Tuesday, 17 July 2012

Brian Pallister: Hiring the Master

Tweets from Front Porch Strategies. Front Porch Strategies
consultant Jim Ross was hired by sole Manitoba PC
leadership candidate Brian Pallister.

 Source of images: Creekside

In a previous post I spoke of how Brian Pallister had learned from the masters through his time as an Alliance/CON MP in federal politics. I also commented on how slick his website is. It turns out that Pallister has hired someone who's a real master of rightwing electioneering: Jim Ross.

Monday, 16 July 2012

The War on Women & Winnipeg South MP Rod Bruinooge

Bei Bei Shuai, jailed for over a year in Indiana because
her fetus died after an unsuccessful suicide attempt. Indiana has no

 laws against suicide, so she was charged under feticide laws. 

Winnipeg South CON MP Rod Bruinooge voted for
 a feticide law (Bill C-484) in the second session of the
39th parliament in 2008.

Image Source: The Useless Tree
Dr Dawg details a truly despicable case in Indiana, where a woman - Bei Bei Shuai - is being charged with "feticide". An unsuccessful suicide attempt resulted in the fetus's death, so Shuai was arrested and jailed for over a year. Below is a link to an interview a Guardian interview with her.

Brian Pallister slickest NDP foe in a decade

Brian Pallister in the House of Commons as a

Image Source: Retrieved from the CBC,
who obtained it from Fred Chartrand/Canadian

Brian Pallister is the most formidable opponent the Manitoba NDP has faced in at least a decade. While having experience as a powerful player in the Filmon cabinet (whose austerity agenda he unapologetically embraces), Pallister also has experience as an Alliance/CON MP. On his slick website the sole PC candidate has a bio highlighting his role in the Alliance takeover of the Federal PCs.

Saturday, 14 July 2012

"I want Bike Score in #Winnipeg"

Well, the Walk Score project is starting to compile "bikeability" scores for various Canadian cities. If one wants a bike score for their city (i.e. one for Winnipeg) then one can tweet "I want Bike Score in #Winnipeg". They have one for Saskatoon, damn it, they should get one for Winnipeg!

Thursday, 12 July 2012

Mynarski Minutes

Ross Eadie - the city councillor for the Mynarski ward - has a "Mynarski minutes" video series up. His most recent clip deals with the piss poor state of many back lanes.


Now, I recall living near a lane like the number 2 worse lane while in the North End. It was a brute - seemingly unchangeable - fact of life that roads would be pot-hole infested and worn as hell.

Eadie's done a great service by making the concerns of the North End visible to a larger audience via video. In many ways, the neighbourhoods' concerns are invisible due to a combination of less political power (the residents are poorer and voter turnout is low) and geographic segregation. The downtown, while possessing many neighbourhoods with low voter turnout, high poverty, and rampant social problems is at least close enough to well to do areas to warrant considerable media attention.

All in all I wish Eadie luck in empowering this often forgotten part of Winnipeg.

Wednesday, 11 July 2012

Finally ...attack ads against Harper!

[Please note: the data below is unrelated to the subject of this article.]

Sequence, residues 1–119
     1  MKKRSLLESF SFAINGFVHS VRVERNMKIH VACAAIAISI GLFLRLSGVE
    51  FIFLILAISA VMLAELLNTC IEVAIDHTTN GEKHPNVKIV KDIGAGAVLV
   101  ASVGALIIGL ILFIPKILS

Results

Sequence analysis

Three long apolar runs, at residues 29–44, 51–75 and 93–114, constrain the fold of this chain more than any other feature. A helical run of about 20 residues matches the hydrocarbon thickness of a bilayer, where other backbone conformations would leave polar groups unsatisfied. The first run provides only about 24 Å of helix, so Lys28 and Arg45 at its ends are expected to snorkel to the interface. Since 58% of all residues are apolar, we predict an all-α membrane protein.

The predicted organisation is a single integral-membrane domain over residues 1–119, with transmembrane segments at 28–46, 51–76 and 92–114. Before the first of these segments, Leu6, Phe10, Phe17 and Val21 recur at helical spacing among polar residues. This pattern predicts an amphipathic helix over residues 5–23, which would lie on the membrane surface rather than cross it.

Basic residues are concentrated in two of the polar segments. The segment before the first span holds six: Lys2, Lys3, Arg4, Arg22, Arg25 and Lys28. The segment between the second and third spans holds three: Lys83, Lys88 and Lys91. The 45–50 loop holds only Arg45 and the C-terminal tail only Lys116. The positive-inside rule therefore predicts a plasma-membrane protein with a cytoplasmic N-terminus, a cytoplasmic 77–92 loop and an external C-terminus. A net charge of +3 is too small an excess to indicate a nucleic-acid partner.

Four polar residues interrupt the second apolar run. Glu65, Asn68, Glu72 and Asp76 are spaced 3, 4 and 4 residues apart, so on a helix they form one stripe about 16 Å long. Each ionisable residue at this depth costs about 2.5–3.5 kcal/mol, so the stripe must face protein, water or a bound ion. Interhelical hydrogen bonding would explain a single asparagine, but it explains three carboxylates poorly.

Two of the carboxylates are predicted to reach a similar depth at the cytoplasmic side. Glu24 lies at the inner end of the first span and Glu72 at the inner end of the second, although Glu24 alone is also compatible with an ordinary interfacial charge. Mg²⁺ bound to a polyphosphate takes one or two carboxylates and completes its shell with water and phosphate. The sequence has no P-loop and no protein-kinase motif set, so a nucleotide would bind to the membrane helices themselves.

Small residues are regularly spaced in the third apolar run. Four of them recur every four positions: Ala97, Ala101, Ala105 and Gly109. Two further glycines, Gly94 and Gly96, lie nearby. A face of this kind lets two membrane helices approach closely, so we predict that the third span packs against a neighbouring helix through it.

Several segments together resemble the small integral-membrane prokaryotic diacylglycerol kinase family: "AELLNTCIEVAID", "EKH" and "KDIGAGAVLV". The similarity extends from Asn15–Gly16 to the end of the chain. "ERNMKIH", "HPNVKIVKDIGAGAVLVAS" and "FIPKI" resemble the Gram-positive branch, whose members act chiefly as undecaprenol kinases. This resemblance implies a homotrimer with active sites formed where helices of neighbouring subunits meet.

This blog has noted that the Opposition needs aggressive, pre-election year ads out against Harper. Issue-based negative campaigning was defended a little while ago here as well. This is why I'm more than glad to see that the Federal NDP has fashioned an attack had against Harper.

Now, the "lead into the recession" may be a tad misleading - the recession was a global macroeconomic event. However, Harper's inaction and delirious plans in that infamous 2008 fiscal update would've made matters a lot worse had the Opposition not forced his hand into delivering stimulus through the threat of coalition. The half-heartedness of the stimulus has lead to higher unemployment than necessary. Clearly, a portion of the mess is of Harper's own doing.

I wouldn't fixate on the deficit, as deficit-spending may be necessary in times of such weak consumer demand. Still, a big part of the deficit has been caused by Harper's corporate tax breaks, which do nothing to boast consumer demand (even tax cuts for consumers tend not to boast consumer demand as much as direct spending, btw) while draining government of its revenue.

The ad goes on to superbly attack Harper for his class warfare against the poor, particularly his OAS deforms and his E.I. deforms. The E.I. deforms, by forcing overqualified engineers and others into lower level positions, I suspect will displace students and increase teenage and youth unemployment. Entry-level jobs will be filled by people not entry-level at all. In addition to being class warfare, these deforms also constitute a particularly nasty form of intergenerational warfare. Which is all the more reason for the NDP to hammer away at them.

The ads are overall effective and highlight Conservative economic mismanagement. More ads like these are needed to reveal the CONs as the party of tried and untrue trickle down economics and social darwinism.

Pundit to NDP: Tax cuts for fat cats wins votes

According to Mia Rabson, working and middle 
class Canadian prairie voters value tax
cuts for fat cats.

Image Source: The Political Carnival 
Recently I've stumbled across an article by Mia Rabson from February of this year. I was looking for serious - and preferably empirical - work and info on the political dynamics of the prairies. How the hotbed of working class populism became the the Alliance and later CONs back yard and what the future of my region looks like were of high interest to me. The more info I could obtain, the better.

Sadly, Rabson's fluff piece doesn't provide it. Rather, she barrages the readers with a deluge of conventional wisdom, like tax cuts for the rich and powerful being a winning political strategy.